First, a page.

Making homemade pasta was a dirty pastime I recently engaged in for several hours on a Sunday afternoon, but it helped me understand the complexity of a simple strand of spaghetti.
I had no idea that, depending on the sort of pasta you want, there are numerous varieties of wheat to utilise in virtually endless combinations.
Many marketers and I share a similar connection with content.
Without actually comprehending the complex dance that resulted in their production, we happily use the goods of content marketing. Even those of us in charge of one or two of those steps lack a thorough understanding of the entire content development process.
Early on, we could get away with a haphazard approach, but now that high-quality content is expected, we need to invest in both the process of creation and its results.
You can’t just eat spaghetti without thinking about it any more; you need to get your hands filthy by learning about and improving the content marketing process.
Why the process is important
For years, a portion of the value of the content generation process has been concealed from view. It manifests in the study conducted by CMI, where the benefit of a written content strategy is frequently recognised. If you haven’t been following along, here are some tips for content marketers with a strategy for their content:
- Are much more likely to believe that their content marketing is effective.
- I find content marketing to be less difficult in all aspects.
- Feel more efficient when using social media and any content marketing strategies
- can support an increase in the content marketing budget.
Execution, however, makes up the other half of the equation; strategy only makes up one.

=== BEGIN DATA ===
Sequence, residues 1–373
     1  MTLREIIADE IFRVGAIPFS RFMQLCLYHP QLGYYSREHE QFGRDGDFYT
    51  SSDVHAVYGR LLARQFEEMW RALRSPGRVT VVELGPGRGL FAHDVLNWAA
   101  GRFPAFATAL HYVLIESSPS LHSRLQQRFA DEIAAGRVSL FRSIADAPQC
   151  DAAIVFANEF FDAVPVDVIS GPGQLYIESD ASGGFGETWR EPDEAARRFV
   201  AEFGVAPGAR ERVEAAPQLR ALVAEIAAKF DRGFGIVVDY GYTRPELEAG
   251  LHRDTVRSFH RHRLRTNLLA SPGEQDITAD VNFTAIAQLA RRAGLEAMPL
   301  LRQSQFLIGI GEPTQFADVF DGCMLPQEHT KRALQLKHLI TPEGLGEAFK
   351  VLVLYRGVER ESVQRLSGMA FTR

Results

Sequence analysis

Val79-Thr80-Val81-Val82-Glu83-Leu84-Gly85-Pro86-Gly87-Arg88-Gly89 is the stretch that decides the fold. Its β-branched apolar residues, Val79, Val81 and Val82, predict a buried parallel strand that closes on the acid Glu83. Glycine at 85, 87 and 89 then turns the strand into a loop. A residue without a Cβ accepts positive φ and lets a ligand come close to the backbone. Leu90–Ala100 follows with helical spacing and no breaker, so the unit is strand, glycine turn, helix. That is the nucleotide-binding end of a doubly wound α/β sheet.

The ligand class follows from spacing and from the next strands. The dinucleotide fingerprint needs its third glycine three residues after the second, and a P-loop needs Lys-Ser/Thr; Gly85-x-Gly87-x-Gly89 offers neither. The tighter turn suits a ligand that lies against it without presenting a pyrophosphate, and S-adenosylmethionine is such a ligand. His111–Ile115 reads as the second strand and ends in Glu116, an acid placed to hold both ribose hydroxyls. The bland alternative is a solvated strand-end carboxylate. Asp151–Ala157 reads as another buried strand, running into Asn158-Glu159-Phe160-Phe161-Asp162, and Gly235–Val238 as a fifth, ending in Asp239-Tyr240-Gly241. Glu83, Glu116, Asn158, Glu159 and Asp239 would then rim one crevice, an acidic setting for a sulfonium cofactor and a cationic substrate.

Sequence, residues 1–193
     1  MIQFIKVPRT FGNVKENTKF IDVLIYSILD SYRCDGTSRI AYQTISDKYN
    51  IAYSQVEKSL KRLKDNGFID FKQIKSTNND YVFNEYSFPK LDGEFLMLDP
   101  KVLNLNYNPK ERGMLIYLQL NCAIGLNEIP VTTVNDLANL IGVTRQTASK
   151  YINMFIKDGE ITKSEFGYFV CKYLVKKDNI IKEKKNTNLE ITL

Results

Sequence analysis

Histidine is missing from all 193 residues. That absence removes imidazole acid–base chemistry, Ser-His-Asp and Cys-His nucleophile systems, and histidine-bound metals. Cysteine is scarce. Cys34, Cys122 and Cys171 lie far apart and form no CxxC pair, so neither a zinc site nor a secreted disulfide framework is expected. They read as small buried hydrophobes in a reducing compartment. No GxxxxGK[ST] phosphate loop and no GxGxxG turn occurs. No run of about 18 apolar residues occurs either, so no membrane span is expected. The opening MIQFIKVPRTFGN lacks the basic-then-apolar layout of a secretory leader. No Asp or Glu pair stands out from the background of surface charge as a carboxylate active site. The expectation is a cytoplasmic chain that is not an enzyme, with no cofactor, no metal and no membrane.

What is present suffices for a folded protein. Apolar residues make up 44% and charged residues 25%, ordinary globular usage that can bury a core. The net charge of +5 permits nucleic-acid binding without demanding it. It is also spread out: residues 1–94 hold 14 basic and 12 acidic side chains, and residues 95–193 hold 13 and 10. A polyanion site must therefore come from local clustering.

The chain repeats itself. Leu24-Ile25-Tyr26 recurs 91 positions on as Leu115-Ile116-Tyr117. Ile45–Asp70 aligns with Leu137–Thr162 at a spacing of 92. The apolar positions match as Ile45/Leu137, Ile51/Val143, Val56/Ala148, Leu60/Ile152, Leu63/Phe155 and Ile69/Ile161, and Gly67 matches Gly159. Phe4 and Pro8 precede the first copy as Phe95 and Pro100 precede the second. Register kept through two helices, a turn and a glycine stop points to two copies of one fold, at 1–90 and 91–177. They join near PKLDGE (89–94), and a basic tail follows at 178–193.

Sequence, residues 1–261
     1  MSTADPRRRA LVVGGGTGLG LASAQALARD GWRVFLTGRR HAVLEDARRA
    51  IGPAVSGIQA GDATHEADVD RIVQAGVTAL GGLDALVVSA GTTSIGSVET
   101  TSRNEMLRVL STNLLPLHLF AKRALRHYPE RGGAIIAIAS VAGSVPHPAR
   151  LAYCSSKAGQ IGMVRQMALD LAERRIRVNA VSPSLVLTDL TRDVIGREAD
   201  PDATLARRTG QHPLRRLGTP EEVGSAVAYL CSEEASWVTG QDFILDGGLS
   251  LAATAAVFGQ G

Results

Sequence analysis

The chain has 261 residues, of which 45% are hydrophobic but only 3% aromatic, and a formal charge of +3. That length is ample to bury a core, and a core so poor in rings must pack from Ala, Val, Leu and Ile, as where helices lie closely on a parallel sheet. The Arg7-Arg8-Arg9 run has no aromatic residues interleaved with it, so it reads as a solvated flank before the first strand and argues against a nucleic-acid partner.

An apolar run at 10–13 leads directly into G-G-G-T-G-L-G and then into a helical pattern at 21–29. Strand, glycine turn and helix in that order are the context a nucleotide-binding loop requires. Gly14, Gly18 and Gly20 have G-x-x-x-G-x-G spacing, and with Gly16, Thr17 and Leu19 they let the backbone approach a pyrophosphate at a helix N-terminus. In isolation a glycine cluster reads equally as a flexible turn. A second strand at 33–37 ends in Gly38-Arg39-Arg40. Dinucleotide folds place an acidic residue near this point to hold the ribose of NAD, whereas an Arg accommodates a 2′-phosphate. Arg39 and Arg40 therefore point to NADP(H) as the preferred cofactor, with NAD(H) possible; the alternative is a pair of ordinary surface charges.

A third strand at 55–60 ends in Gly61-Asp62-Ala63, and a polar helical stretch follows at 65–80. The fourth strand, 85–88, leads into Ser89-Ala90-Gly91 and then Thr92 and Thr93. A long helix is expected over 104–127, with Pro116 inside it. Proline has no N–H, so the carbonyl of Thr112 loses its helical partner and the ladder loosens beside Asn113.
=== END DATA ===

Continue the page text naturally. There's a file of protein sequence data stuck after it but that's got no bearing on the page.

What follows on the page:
What happens once the plan is successful? What makes it come to life?
It appears that part, as well, needs to be recorded.
Marketers that document their processes are 466% more successful than those who don’t, according to CoSchedule.
When your method is in order, amazing results become possible. Every piece of work that passes through the process improves as it proceeds smoothly from beginning to end. Work is completed more quickly and is more likely to be of excellent quality and related to marketing goals.
And if we’re being completely honest, most of us could stand to improve in those areas.
Using an agile process for content marketing
An easy and clear way to start is by documenting your method, which increases your chances of success. But you’ll probably find out through documentation that execution could be improved.
Being “better” at executing content marketing is a vague and pointless objective. You need a trail that is well-marked.
You gain more from frameworks created for the first totally digital profession, software development, as marketing becomes an increasingly digital career.
Of course, I’m talking about the use of Agile methods in marketing.
Agile content marketing in action
I’m not suggesting that you implement the whole of agile frameworks like Scrum or Kanban, just to be clear. I recommend incorporating Agile values into your content marketing strategy.
The five areas of visibility, experimentation, iteration, cooperation, and efficiency are highlighted by agility in general and agile marketing in particular.
Open up the conversation and see what transpires. Visibility could simply mean outlining all that your content team has planned and is working on for the upcoming month. Going one step further and putting that in a digital project management tool might be required, but at this point, that’s really just a bonus. Even a simple sticky note list on a whiteboard is a positive step.